8 tips for navigating new energy-efficient lighting rules

Summary:Anticipating consumer confusion over new energy-efficient light bulbs, two consumer groups publish free purchasing guide.

OK, I'll admit it. I cover this stuff and even I remain somewhat confused about what exactly is taking place on Jan. 1, 2012, when a first wave of lighting-efficiency policies under the Energy Independence and Security Act of 2007 goes into effect. Anticipating confusion over the changes, especially amid continued political wrangling on how to enforce them, the non-profit Consumer Federation of America and Consumers Union have published a guide to selecting the energy-efficient bulbs that make sense for your personal situation.

The guide, "How Many Tips Does it Take to Change a Light Bulb," offers eight tips and myth-busting information.

"Contrary to reports, incandescent lights are NOT being banned, they are simply becoming more efficient," said Mel Hall-Crawford, energy projects director for the Consumer Federation of AMerica. "Consumers will have expanded choices, but will need to understand them so when they go to the store so they can buy the product that meets their needs best."

Here is the short-hand on the tips. (The guide is only two pages, so I encourage you to download the whole thing.)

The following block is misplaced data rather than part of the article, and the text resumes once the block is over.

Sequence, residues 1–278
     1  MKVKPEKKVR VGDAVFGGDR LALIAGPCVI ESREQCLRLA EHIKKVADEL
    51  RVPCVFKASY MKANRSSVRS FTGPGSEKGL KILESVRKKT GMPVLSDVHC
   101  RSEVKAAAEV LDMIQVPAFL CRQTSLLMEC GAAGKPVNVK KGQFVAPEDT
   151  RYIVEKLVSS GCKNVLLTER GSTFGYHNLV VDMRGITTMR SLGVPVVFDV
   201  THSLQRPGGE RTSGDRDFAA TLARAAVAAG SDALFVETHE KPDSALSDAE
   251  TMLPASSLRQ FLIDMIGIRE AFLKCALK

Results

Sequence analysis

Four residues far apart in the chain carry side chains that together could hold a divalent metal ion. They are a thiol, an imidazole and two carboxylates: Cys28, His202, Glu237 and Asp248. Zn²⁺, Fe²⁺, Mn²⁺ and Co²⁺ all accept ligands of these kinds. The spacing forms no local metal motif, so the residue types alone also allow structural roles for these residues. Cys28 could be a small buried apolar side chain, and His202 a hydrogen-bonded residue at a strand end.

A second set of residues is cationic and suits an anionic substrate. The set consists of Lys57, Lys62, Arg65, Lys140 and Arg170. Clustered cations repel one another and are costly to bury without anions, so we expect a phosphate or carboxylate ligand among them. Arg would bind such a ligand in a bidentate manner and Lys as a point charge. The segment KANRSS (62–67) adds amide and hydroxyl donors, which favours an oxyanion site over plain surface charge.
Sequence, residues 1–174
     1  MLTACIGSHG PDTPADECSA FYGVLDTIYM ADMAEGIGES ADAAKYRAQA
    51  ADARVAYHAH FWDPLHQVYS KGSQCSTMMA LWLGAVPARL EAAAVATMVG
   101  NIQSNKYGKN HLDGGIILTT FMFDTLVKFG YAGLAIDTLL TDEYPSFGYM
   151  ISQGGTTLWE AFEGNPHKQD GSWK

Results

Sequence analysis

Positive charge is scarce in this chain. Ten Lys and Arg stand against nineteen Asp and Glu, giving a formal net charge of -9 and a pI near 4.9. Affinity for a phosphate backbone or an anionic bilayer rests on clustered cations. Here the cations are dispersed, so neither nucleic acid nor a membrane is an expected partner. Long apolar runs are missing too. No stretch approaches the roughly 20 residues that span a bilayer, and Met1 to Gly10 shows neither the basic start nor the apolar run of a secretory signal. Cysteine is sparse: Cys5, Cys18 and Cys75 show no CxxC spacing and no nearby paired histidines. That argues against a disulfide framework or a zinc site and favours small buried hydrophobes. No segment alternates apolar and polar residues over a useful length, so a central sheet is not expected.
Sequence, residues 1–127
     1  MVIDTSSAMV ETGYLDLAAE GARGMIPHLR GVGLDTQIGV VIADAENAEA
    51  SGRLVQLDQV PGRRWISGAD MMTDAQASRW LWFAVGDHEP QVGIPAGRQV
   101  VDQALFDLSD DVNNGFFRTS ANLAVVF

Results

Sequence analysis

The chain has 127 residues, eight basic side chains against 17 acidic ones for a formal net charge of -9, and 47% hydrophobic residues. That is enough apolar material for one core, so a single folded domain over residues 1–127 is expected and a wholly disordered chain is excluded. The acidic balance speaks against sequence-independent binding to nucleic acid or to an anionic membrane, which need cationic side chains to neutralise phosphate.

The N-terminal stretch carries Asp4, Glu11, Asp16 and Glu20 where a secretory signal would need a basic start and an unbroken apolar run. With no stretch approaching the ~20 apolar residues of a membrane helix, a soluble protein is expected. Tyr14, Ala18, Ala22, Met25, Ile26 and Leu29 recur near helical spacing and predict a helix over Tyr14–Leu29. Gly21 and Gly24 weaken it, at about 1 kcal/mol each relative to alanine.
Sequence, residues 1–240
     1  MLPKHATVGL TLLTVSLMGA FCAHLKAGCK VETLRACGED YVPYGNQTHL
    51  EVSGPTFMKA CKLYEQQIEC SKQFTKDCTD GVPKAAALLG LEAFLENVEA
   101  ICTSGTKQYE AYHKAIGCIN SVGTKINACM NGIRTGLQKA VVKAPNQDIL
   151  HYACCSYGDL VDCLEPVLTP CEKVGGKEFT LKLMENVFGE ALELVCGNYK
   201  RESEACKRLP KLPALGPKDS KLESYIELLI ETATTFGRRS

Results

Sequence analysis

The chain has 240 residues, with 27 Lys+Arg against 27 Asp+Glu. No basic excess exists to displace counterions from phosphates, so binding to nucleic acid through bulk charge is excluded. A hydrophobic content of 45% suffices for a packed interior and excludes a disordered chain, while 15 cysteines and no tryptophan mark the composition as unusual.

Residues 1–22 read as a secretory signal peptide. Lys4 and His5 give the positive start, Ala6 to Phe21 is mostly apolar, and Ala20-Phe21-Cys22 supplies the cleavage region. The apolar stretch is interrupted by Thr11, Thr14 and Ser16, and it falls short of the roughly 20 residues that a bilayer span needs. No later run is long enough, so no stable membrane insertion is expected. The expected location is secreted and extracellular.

1. There are three main choices when it comes to energy-efficient bulbs: halogen incandescents that use much less energy than traditional ones; compact fluorescent lamps (CFLs) that use 75 percent less energy and offer the best consumer value; and light-emitting diodes (LEDs), which save the same as CFLs and last up to 25 years but cost more to buy upfront.
  2. Lumens, not watts will help you figure out which bulb is brightest. You'll have to learn how to translate.
  3. Lighting "color" will be different, moving from yellow tints to those that are bluer and whiter.
  4. Manufacturers are required to include "Lighting Facts" information on their products, so check the packaging on the bulbs you are considering.
  5. Because CFLs contain mercury (a very small amount), they will need to be recycled.
  6. Not every bulb can be dimmed.
  7. Downlight and recessed lights will require different bulb shapes.
  8. Look for the Energy Star label for the most energy-efficient choices on the market.

Topics: Tech Industry

About

Heather Clancy is an award-winning business journalist specializing in transformative technology and innovation. Her articles have appeared in Entrepreneur, Fortune Small Business, The International Herald Tribune and The New York Times. In a past corporate life, Heather was editor of Computer Reseller News. She started her journalism lif... Full Bio

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